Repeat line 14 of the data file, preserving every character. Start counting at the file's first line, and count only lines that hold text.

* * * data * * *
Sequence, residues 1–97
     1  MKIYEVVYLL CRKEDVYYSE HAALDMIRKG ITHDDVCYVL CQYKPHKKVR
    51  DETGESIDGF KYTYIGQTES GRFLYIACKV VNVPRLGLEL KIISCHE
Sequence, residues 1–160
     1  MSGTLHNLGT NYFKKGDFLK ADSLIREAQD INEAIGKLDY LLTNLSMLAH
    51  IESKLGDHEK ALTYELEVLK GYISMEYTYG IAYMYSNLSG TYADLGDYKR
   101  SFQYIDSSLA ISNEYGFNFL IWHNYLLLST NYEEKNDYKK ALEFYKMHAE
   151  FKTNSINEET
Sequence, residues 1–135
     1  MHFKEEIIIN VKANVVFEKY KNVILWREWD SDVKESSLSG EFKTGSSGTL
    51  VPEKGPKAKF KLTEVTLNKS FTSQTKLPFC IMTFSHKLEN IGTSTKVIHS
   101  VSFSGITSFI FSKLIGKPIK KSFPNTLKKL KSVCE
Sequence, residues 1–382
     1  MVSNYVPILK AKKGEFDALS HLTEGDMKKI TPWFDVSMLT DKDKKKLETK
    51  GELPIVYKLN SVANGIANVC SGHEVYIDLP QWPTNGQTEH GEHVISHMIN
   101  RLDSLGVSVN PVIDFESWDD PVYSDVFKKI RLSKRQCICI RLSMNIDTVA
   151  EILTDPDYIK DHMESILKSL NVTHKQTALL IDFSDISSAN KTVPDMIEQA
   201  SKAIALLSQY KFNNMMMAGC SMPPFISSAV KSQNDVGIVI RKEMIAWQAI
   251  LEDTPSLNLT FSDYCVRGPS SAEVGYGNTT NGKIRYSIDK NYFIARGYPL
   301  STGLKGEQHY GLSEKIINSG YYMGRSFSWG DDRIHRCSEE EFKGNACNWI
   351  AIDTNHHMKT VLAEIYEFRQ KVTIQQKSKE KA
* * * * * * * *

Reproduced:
     1  MVSNYVPILK AKKGEFDALS HLTEGDMKKI TPWFDVSMLT DKDKKKLETK